- 18:09So I plotted all three lines on the same plot here.
- 18:12The black line is...
- 18:13Think of it as pretty much the green line.
- 18:14It's still the same spiky prior
- 18:16but now the likelihood is much flatter.
- 18:18The XJ is the same.
- 18:20Actually, it's one and a half
- 18:21but we have an SJ that's much bigger.
- 18:23So what happens here is that
- 18:25the prior dominates because the likelihood's
- 18:27relatively flat,
- 18:29and so the posterior looks pretty much like the prior
- 18:31and you get very strong shrinkage.
- 18:33So think of this as corresponding
- 18:35to those individuals who had very few at-bats,
- 18:38their data are very imprecise,
- 18:41and so their posterior, the green line,
- 18:43looks very like the prior, the black line.
- 18:46Okay, so we're gonna shrink those observations more.
- 18:50So the key point here, I guess,
- 18:52is that the observations with larger standard error,
- 18:55larger SJ,
- 18:58get shrunk more.
- 19:00I should say "larger standard deviation" get shrunk more.
- 19:04Here's another intermediate example
- 19:07where the red line...
- 19:08The likelihood's kind of not quite enough.
- 19:11It illustrates the idea that the posterior could be bimodal
- 19:15because the prior and the likelihood are indifferent,
- 19:18have weight in different places.
- 19:20So you can get different kinds of shrinkage depending on
- 19:23how spiky the prior is,
- 19:24how long-tailed the prior is,
- 19:25how flat the likelihood is etc.
- 19:35So obviously the shrinkage,
- 19:36the amount of shrinkage you get,
- 19:37depends on the prior, G,
- 19:39which you're gonna estimate from the data.
- 19:41It also depends on the standard error
- 19:43or the standard deviation, SJ.
- 19:46And one way to summarize this kind of the behavior,
- 19:48the shrinkage behavior,
- 19:50is to focus on how the posterior mean changes with X.
- 19:55So we can define this operator here,
- 19:57S-G-S of X,
- 19:59as the X posterior mean of theta J,
- 20:04given the prior and its variance or standard deviation
- 20:08and that we observed XJ is equal to X.
- 20:14I'm gonna call this the shrinkage operator
- 20:17for the prior, G,
- 20:18and variance, S for standard deviation, S.
- 20:22Okay, so we could just plot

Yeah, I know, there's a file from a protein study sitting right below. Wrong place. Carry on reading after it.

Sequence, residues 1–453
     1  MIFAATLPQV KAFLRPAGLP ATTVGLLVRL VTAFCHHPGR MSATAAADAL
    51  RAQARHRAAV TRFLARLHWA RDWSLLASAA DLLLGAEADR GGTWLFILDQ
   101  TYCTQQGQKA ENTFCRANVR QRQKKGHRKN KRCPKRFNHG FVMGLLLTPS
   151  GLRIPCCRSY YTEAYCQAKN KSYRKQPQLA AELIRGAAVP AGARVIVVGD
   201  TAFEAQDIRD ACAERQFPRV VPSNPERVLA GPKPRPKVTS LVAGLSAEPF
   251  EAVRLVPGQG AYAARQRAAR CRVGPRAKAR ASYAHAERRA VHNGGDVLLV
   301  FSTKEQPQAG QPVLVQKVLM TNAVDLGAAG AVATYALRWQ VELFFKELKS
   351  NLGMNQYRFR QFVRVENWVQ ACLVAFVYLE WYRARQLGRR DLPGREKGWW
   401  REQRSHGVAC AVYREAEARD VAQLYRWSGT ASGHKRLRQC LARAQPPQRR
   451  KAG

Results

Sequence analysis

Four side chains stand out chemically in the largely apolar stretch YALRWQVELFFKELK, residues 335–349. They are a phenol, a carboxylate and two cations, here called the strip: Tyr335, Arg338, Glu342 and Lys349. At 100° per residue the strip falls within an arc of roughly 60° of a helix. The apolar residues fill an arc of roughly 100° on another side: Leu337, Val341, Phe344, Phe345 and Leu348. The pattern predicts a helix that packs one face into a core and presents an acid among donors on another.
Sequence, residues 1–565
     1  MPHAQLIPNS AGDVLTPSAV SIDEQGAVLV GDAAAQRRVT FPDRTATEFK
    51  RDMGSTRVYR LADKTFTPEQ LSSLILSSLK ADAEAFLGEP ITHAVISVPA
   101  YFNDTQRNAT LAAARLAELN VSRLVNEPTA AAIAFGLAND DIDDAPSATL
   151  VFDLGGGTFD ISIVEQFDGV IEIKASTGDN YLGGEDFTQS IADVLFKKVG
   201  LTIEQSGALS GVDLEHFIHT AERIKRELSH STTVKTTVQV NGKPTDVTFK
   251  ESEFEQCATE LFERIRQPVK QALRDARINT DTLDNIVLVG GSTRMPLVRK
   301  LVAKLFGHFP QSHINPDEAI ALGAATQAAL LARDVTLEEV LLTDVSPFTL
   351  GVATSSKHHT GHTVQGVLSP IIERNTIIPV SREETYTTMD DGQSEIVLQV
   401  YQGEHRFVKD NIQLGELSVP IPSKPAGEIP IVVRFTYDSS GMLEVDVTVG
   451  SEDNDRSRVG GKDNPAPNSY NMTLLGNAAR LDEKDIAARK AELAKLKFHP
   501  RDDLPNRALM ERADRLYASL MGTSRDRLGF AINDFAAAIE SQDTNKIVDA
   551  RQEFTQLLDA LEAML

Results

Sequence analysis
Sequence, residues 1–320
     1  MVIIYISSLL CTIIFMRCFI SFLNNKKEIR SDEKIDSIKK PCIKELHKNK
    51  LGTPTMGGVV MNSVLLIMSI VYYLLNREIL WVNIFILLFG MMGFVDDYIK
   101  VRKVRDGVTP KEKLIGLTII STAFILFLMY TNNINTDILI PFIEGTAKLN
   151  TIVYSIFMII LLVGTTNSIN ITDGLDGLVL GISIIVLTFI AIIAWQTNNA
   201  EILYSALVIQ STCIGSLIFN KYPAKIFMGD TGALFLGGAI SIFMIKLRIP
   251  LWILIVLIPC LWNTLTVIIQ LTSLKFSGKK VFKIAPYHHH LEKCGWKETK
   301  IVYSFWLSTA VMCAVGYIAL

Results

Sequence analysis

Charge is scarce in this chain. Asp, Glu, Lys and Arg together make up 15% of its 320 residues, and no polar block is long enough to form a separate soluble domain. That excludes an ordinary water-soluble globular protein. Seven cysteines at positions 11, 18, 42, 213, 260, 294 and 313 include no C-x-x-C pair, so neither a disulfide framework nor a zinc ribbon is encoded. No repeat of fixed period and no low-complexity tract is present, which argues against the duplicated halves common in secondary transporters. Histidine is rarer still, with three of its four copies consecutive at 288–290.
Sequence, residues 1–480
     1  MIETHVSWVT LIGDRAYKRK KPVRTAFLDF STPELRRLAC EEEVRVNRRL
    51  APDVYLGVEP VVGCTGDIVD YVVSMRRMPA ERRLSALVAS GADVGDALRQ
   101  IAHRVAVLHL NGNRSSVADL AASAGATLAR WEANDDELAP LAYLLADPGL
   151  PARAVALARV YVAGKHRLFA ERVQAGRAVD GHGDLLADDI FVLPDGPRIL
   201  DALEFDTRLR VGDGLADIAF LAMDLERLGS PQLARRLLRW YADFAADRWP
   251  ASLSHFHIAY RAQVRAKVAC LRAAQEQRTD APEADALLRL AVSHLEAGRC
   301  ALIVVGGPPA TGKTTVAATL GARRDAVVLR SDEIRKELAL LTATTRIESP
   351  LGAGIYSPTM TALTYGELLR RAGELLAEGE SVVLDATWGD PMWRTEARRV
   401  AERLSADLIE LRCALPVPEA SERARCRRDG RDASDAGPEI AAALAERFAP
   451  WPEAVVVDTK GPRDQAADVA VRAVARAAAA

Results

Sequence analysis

- 20:24some of these shrinkage operators.
- 20:25So the idea here is...
- 20:26Sorry, this slide has B instead of X.
- 20:30Sometimes I use B and sometimes I use X.
- 20:34I've got them mixed up here, sorry.
- 20:35So think of this as X
- 20:37and this is S of X.
- 20:39So these different lines here correspond
- 20:43to different priors.
- 20:44So the idea is that by using different priors,
- 20:47we can get different types of shrinkage behavior.
- 20:50So this prior here shrinks very strongly to zero.
- 20:54This green line shrinks very strongly to zero
- 20:57until B exceeds some value around five,
- 21:01at which point it hardly shrinks at all.
- 21:04So this is kind of a prior that has
- 21:07kind of a big spike near zero.
- 21:10But also a long tail,
- 21:11such that when you get far enough in the tail,
- 21:15you start to be convinced
- 21:17that there's a real signal here.
- 21:18So you can think of that
- 21:19as this kind of...
- 21:20This is sometimes called...
- 21:22This is local shrinkage
- 21:24and this is global.
- 21:26So you get very strong local shrinkage towards zero
- 21:29but very little shrinkage
- 21:31if the signal is strong enough.
- 21:33That kind of thing.
- 21:34But the real point here is that
- 21:35by using different priors,
- 21:37these different scale mixture of normal priors,
- 21:39you can get very different looking shrinkage behaviors.
- 21:43Ones that shrink very strongly to zero
- 21:45and then stop shrinking
- 21:46or ones that shrink a little bit all the way, etc.
- 21:52And so, if you're familiar with other ways
- 21:55of doing shrinkage analysis,
- 21:56and this is one of them,
- 21:58or shrinkage,
- 21:59is to use a penalized likelihood.
- 22:01Then you can try and draw a parallel
- 22:04and that's what I'm trying to do here.
- 22:05Draw a parallel between the Bayesean method
- 22:08and the penalized likelihood-based approaches
- 22:11to inducing shrinkage or sparsity.
- 22:15Another way to induce shrinkage is to essentially...
- 22:18This is the kind of normal log likelihood here
- 22:21and this is a penalty here
- 22:23that you add for this.
- 22:25This could be an L1 penalty
- 22:26or an L2 penalty or an L0 penalty,
- 22:28or some other kind of penalty.
- 22:30So there's a penalty function here.
- 22:32And you define the estimate
- 22:34as the value that minimizes
- 22:36this penalized log likelihood.
- 22:38Sorry, yeah, this is a negative log likelihood.